October 2022
Bird of the Month
Ryan Crouse

Greater Roadrunner

In our collective consciousness there are birds that serve as representatives of their respective habitats. They are so ingrained in our minds as regionally unique that it’d be reasonable to assume they’re omnipresent in a given habitat. Here the greater roadrunner adorns countless postcards and gift-shop mugs, but it can be found as far east as Missouri and ranges well into California and southern Mexico, where it shares habitat with close cousin the lesser roadrunner. Still, when we think of the roadrunner our mental picture often has the Sonoran Desert as backdrop.

While we welcome that association, it comes with a caveat: they’re very hard to find! Whenever someone comes into our shop asking where they can find roadrunners, our answer is a verbal shrug. It’s hard to plan a birding trip around finding one; they often just appear, with no warning. Roadrunners can be found in a variety of generally arid habitats, and their range is even expanding. They do well in urban settings with enough natural habitat to support them.

The craziest sighting I’ve personally had was near Mormon Lake during the dead of winter, with a foot or more of snow on the ground. The lake can be an exceptionally cold place, as it was that day. How the bird was finding food in that setting was beyond us, yet there it was, looking as healthy as ever! This is extreme, but it perfectly depicts that absolute randomness of the species.

Photo by Paula Lane

The most common roadrunner sighting is, appropriately, from the comfort of your car along the side of a dusty road. They love sitting atop berms, where they survey their surroundings for items of interest. While they’re not entirely flightless, they largely stay close to the ground, where they use agility, speed and cunning to outwit prey and threat alike.

This bird can run in excess of 20mph, and as it sprints through our highland scrub, it lowers its sleek frame to run nearly parallel with the ground. This provides enough aerodynamic effect to help squeeze out every lick of speed it can muster. Using those same aerodynamic principles it adjusts its long tail side-to-side during high-speed maneuvering, like a rudder. With this speed and ability to disappear into dense and often thorny undergrowth, it can evade predators that may include the stealthy bobcat, a particularly wily coyote and even larger birds of prey.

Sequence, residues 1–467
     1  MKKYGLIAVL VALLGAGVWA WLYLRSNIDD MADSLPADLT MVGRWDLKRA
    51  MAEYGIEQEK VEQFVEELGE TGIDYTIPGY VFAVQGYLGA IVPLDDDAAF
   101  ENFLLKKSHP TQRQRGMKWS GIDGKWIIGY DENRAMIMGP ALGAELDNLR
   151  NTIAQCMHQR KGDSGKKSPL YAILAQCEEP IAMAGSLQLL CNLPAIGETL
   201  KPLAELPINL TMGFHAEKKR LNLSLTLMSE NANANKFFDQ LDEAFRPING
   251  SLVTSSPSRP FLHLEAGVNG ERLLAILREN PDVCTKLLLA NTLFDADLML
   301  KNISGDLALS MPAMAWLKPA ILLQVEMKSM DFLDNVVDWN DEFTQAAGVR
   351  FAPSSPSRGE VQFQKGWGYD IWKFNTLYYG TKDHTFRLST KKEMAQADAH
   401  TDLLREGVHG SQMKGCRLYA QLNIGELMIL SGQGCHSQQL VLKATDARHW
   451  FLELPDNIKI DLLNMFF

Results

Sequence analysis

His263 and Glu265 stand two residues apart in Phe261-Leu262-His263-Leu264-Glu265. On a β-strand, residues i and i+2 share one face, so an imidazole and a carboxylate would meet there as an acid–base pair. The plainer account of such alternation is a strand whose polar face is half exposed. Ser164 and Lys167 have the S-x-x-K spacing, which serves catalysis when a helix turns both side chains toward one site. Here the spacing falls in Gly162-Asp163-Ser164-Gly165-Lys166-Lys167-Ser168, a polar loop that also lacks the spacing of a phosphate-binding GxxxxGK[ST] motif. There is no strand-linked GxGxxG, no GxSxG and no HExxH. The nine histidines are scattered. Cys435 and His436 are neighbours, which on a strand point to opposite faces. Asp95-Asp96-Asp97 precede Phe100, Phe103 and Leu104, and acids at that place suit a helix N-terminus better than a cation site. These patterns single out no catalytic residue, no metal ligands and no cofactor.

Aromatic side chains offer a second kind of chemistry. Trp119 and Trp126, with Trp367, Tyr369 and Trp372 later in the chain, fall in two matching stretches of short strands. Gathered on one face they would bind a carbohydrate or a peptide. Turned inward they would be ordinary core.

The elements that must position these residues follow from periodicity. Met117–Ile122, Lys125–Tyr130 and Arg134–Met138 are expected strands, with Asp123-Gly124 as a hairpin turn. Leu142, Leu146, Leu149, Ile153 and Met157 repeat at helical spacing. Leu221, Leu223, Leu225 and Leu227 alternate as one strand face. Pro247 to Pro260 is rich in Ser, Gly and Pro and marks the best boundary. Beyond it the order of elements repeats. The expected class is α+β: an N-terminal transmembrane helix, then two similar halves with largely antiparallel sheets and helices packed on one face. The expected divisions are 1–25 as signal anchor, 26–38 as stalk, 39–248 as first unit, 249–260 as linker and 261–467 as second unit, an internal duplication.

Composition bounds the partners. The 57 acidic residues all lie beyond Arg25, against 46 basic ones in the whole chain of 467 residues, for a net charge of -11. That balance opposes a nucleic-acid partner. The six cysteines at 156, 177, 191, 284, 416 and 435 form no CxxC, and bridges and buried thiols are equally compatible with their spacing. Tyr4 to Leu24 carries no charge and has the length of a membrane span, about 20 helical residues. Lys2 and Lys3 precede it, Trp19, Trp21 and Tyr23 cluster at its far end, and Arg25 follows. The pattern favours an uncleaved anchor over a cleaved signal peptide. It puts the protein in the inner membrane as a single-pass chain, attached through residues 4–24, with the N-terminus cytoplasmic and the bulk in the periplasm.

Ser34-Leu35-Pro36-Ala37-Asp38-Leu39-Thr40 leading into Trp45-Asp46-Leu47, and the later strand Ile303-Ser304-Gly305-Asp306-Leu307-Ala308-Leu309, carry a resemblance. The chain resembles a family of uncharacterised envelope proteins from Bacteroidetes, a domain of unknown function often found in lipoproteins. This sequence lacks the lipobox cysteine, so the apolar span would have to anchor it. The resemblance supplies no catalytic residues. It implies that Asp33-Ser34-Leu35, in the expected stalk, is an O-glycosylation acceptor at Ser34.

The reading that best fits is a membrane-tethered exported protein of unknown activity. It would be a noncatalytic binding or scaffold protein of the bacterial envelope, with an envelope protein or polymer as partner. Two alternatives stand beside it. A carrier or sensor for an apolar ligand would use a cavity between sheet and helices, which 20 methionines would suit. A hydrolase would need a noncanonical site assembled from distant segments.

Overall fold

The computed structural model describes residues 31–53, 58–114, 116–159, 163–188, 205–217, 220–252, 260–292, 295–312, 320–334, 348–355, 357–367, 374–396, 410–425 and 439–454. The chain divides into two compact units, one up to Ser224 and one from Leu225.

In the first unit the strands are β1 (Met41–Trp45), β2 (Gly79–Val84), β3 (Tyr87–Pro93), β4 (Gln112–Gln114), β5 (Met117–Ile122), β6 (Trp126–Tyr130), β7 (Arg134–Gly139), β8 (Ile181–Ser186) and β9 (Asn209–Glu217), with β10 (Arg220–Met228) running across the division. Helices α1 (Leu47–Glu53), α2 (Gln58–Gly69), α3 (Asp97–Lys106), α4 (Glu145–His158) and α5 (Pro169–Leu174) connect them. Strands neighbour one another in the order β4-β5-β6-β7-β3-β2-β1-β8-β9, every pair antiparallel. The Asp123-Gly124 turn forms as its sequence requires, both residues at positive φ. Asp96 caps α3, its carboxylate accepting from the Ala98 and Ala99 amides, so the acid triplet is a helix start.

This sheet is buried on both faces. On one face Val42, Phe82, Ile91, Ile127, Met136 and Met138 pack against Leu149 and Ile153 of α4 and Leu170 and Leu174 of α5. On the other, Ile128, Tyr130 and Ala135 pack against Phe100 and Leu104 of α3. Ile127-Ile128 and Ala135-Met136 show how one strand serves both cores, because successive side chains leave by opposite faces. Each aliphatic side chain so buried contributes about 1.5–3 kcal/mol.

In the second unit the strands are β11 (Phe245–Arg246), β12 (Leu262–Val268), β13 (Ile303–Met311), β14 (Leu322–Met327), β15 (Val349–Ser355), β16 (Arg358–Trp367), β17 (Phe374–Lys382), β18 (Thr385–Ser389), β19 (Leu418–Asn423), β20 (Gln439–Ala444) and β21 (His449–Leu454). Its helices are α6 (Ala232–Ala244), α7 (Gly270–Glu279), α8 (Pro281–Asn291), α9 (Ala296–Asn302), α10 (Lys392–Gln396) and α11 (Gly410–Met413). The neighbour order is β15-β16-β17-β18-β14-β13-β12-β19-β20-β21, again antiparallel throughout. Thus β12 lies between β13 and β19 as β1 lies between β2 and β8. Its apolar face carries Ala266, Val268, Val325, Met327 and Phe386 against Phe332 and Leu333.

The roadrunner’s ability to keep from becoming someone’s lunch makes it a formidable hunter in its own right. It dines on a very diverse buffet, ranging from small insects to rattlesnakes. We’ve had reports from homeowners who’ve witnessed this clever species sitting in ambush near a hummingbird feeder, where it will jump straight up to snatch the diminutive pollinator from its perch.

Back to the rattlers, though. Roadrunners hunt a wide variety of reptiles, including several kinds of venomous lizards and snakes. Over time they have developed a tolerance for any number of otherwise deadly venoms.

While they tend to be solitary creatures outside mating season, they occasionally work in pairs when hunting some more dangerous targets. With lighting speed, heat-sensing capability and inch-long fangs, the rattlesnake is dangerous no matter how you slice it. The team of birds will slowly circle and size up the wary ophidian. Singularly or in tandem they will extend and flare their wings and crests while they deceptively dance just within reach of the dangerous viper. This is an effort to confuse the snake into striking at their brightly patterned wings, where a bite will likely fall harmlessly on feathers. At the right moment one of the avian tag-team members will dart at the diverted snake, aiming for the base of the neck. By grabbing the unfortunate rattler here, it cannot wheel its head around, which neutralizes its most potent defense. Wasting no time, the roadrunner will then strike the head of the snake on the nearest rock until the struggle ceases. From there the noxious reptile can be consumed, venom and all, with no ill effect.

If you have native shrubby habitat in your yard, cross your fingers for roadrunners nesting in the thickest, thorniest plants. If you’re so lucky, you cannot ask for better pest control. During mating season listen for its song, a sorrowful series of descending notes.

Unfortunately you won’t likely have them nesting in your yard. What will happen, given enough time and awareness, is that you’ll see one sitting atop a bit of roadside topography, thoughtfully contemplating its next move. Happy birding!

The Prescott Audubon Society is an official chapter of the National Audubon Society. Check it out online at PrescottAudubon.org.